Such a judicial process would have many advantages: The identity of the people behind an account would not matter anymore. This would also be an effective course of action against account holders who are known but out of reach, for example because they are located abroad. Contrary to the approach of the Network Enforcement Act (NetzDG) it would not be the platforms who decide, often in dubious ways, which articles are illegal – this would be left to an independent court. Courts have demonstrated that they are capable of making such decisions – in particular, there are courts that specialise in press law and are accustomed to rule even on delicate freedom of speech questions within a few hours.

The NetzDG made social media platforms “addressable”

Of course, such a judicial process would raise questions: Who would be the subject of such a request if the responsible person is not known? With a bit of creativity, those details can be resolved. In the US a judicial petition against “John Doe” is filed in such cases. This anonymous party would be represented in court by the platform that would be responsible to implement any blockages.

Each of the large platforms has already registered a point of contact in Germany pursuant to § 5 NetzDG, so that they are always reachable for courts of law. This procedure could also ensure that the people behind an affected account can be heard in court, if the law would oblige platforms to forward the petition to them (via email for example). This would give the account holder the option to reveal their identity and take over the judicial process under their own name.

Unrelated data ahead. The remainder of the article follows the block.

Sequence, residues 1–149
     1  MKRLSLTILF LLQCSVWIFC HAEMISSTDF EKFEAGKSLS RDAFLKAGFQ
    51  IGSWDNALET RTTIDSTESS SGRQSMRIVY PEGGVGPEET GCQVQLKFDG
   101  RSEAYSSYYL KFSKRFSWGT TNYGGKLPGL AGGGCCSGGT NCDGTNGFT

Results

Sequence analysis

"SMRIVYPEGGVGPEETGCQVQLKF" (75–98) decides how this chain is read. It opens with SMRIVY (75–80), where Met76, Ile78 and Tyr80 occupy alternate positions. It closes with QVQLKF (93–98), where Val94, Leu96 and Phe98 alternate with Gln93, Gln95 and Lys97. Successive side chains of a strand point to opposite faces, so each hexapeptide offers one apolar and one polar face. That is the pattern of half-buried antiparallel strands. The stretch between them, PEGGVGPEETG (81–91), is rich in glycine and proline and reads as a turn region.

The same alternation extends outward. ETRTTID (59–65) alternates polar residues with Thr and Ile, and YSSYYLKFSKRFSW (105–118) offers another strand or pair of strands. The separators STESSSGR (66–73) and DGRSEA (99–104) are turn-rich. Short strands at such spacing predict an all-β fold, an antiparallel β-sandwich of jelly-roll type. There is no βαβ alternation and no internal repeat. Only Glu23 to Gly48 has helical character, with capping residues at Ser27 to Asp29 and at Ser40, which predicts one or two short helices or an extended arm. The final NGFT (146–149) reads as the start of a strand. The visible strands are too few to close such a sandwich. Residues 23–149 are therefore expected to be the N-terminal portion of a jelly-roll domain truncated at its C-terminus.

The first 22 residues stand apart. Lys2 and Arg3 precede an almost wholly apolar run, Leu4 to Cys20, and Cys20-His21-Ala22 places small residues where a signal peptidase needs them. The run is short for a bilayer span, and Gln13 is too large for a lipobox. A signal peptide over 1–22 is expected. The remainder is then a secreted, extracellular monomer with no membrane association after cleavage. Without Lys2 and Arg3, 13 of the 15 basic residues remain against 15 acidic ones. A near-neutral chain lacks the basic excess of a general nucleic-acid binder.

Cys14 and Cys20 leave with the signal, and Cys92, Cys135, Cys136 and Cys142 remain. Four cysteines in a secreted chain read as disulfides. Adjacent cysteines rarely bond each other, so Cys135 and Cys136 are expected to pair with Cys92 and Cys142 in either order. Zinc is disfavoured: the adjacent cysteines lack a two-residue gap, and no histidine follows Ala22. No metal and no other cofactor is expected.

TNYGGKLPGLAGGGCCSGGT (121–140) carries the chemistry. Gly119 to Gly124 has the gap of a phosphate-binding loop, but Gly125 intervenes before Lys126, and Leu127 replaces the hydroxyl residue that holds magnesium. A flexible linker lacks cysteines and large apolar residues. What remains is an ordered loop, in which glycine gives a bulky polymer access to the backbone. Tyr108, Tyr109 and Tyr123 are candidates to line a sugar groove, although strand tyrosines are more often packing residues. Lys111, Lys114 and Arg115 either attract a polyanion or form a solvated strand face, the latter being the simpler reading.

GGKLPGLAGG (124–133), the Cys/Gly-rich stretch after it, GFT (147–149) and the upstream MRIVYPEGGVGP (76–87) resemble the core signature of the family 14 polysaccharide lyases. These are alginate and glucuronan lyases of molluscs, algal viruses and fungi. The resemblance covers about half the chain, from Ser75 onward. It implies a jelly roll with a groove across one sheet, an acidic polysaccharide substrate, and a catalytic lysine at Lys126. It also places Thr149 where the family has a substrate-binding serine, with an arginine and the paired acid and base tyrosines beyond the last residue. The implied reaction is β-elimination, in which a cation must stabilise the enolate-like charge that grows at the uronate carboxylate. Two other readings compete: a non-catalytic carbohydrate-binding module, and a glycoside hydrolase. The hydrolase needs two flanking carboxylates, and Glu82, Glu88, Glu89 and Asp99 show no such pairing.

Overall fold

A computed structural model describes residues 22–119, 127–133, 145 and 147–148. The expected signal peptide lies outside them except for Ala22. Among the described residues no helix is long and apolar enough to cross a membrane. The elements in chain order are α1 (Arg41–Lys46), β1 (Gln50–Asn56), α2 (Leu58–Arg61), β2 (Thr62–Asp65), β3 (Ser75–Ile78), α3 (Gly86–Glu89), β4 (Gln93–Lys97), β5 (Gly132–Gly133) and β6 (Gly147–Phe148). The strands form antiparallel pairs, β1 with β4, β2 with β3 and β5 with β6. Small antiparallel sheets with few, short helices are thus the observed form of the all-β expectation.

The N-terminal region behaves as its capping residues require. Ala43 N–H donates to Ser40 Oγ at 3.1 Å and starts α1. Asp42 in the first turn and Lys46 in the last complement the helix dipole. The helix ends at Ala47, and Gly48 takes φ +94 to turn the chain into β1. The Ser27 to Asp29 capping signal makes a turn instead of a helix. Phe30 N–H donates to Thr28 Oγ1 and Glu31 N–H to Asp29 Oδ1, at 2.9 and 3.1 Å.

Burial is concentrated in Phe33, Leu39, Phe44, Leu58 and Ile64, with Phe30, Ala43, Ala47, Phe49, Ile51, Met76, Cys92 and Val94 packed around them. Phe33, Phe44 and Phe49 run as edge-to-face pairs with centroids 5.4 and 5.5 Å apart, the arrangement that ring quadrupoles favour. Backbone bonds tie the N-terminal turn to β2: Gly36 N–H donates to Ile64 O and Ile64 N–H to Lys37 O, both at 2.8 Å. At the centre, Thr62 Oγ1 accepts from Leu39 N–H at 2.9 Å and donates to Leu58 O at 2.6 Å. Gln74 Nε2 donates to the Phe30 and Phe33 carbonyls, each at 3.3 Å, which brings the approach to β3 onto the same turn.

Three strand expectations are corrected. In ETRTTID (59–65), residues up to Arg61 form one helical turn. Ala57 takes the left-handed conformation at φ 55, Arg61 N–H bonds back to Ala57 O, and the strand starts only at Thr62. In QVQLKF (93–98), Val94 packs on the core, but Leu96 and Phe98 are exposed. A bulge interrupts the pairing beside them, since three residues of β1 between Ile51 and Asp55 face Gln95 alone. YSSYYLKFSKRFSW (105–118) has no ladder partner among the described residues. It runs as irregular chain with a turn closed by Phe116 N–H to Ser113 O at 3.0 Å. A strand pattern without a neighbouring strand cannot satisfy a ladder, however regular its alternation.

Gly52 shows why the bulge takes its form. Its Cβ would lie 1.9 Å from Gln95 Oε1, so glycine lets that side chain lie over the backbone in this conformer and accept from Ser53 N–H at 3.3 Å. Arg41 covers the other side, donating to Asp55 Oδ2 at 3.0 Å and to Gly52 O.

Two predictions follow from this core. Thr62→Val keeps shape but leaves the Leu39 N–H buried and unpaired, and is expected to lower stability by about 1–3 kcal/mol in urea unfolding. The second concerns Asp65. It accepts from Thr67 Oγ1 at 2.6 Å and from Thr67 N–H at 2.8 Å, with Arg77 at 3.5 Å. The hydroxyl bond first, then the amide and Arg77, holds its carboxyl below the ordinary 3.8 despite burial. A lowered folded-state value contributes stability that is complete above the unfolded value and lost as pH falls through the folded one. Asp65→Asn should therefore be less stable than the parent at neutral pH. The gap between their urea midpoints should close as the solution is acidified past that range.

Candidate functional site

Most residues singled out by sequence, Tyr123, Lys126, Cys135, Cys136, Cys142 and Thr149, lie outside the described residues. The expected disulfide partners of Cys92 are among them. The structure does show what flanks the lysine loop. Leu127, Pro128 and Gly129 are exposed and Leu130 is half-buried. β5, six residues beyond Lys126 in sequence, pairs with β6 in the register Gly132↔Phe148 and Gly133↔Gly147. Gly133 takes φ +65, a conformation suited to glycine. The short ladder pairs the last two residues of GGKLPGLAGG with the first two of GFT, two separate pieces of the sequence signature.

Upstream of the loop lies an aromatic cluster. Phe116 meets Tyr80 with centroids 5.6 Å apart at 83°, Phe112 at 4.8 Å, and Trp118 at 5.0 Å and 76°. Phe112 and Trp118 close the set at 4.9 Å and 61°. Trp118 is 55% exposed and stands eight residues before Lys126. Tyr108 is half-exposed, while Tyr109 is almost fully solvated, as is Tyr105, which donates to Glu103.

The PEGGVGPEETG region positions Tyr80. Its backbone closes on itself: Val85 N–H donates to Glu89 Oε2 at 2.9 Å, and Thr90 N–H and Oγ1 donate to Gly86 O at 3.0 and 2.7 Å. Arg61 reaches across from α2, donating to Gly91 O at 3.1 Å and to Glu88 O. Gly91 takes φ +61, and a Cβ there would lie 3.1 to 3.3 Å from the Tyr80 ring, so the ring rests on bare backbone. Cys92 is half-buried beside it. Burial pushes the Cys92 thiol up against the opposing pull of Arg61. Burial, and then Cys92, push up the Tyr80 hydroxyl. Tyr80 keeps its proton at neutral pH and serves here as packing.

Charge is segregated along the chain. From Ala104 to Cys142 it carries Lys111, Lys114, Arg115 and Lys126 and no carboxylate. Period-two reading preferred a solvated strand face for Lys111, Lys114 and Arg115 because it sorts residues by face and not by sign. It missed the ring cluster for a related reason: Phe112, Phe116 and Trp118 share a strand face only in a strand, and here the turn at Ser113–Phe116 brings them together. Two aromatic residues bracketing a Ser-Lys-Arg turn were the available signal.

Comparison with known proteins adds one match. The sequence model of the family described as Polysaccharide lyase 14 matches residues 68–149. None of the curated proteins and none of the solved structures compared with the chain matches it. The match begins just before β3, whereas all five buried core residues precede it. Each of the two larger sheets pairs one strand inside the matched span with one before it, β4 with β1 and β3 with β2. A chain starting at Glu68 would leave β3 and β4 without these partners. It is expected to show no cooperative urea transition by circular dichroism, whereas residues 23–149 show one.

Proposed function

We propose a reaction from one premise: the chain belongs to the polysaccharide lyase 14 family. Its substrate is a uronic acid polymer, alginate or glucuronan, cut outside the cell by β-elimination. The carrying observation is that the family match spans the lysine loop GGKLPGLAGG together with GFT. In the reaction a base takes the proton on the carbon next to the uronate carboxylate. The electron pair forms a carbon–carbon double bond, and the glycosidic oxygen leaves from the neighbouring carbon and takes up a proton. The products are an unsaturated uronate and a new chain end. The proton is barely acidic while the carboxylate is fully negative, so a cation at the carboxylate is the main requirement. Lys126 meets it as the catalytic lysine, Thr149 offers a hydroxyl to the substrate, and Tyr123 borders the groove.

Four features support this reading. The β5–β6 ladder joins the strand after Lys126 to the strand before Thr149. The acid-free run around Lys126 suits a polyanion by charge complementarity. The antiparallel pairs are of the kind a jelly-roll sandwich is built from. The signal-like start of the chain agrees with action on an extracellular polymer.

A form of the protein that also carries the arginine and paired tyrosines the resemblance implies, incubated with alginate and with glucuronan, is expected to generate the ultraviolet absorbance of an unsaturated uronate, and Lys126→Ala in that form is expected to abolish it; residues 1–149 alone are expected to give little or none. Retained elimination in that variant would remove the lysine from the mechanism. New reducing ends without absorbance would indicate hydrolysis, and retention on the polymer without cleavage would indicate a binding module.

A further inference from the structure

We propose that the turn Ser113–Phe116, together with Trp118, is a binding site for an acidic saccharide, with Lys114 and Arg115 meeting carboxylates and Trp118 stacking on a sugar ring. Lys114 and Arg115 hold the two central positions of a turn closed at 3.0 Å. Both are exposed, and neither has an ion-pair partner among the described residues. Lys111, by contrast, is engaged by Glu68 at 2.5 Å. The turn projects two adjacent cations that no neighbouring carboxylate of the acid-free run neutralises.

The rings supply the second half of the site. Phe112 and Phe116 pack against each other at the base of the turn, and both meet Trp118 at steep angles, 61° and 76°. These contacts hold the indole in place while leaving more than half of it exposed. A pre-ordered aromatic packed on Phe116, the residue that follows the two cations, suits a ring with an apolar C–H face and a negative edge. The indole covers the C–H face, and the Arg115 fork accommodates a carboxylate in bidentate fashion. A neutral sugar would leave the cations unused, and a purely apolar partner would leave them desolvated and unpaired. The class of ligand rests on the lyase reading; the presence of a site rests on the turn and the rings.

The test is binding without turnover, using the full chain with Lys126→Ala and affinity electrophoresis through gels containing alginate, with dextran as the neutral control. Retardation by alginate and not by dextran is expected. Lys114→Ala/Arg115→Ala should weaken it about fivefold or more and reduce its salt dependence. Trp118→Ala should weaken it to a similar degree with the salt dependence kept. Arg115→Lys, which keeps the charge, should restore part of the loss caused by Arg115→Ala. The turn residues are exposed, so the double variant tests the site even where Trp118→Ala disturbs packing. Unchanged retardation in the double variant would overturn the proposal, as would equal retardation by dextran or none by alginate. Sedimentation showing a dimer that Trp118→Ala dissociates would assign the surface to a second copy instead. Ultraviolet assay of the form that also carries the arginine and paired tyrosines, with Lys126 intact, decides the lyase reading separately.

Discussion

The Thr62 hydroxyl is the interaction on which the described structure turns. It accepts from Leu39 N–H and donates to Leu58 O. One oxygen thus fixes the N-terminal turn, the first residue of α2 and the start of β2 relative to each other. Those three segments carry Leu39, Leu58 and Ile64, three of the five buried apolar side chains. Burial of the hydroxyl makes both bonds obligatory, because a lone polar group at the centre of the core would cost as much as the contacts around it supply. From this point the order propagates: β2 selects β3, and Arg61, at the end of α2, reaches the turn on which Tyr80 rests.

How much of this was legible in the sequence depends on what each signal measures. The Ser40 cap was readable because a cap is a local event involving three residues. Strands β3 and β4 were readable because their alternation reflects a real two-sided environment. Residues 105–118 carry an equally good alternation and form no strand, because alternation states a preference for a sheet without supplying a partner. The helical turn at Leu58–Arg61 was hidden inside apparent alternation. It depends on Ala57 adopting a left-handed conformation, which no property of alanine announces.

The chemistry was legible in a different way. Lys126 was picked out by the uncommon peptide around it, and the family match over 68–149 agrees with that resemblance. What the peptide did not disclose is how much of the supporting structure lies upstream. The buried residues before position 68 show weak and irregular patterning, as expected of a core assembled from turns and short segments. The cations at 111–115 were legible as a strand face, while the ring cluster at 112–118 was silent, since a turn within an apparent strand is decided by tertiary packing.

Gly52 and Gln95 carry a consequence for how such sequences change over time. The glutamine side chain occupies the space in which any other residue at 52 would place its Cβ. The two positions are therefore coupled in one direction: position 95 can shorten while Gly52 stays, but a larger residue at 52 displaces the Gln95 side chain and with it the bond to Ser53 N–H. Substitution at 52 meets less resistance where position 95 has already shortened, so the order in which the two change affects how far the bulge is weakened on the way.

Legislative competence probably with the Federal Government

The law to create such a judicial process could be enacted by the German Federal Government. This is not about a new regulation on which content would be admissible online – this would be for the Federal States to enact and would require an arduous update of the Interstate Broadcasting Treaty (Rundfunkstaatsvertrag). The Federal Government could base this law on its competences to regulate judicial procedures as well as telemedia law. The Federal Government should urgently take this opportunity and create a “Protection against Digital Violence Act”, allowing for accounts that publish unlawful content to be blocked. The onus is still on the Federal States to become more effective in pursuing supposedly lesser online offences, which is within their legal purview.

A German version of this article was first published at https://background.tagesspiegel.de/statt-klarnamen-digitales-gewaltschutzgesetz

EU action needed: German NetzDG draft threatens freedom of expression (23.05.2017)
https://edri.org/eu-action-needed-german-netzdg-draft-threatens-freedomofexpression/

(Contribution by Ulf Buermeyer, EDRi member Gesellschaft für Freiheitsrechte – GFF, Germany; translation from German into English by EDRi volunteers Stefan and Sebastian)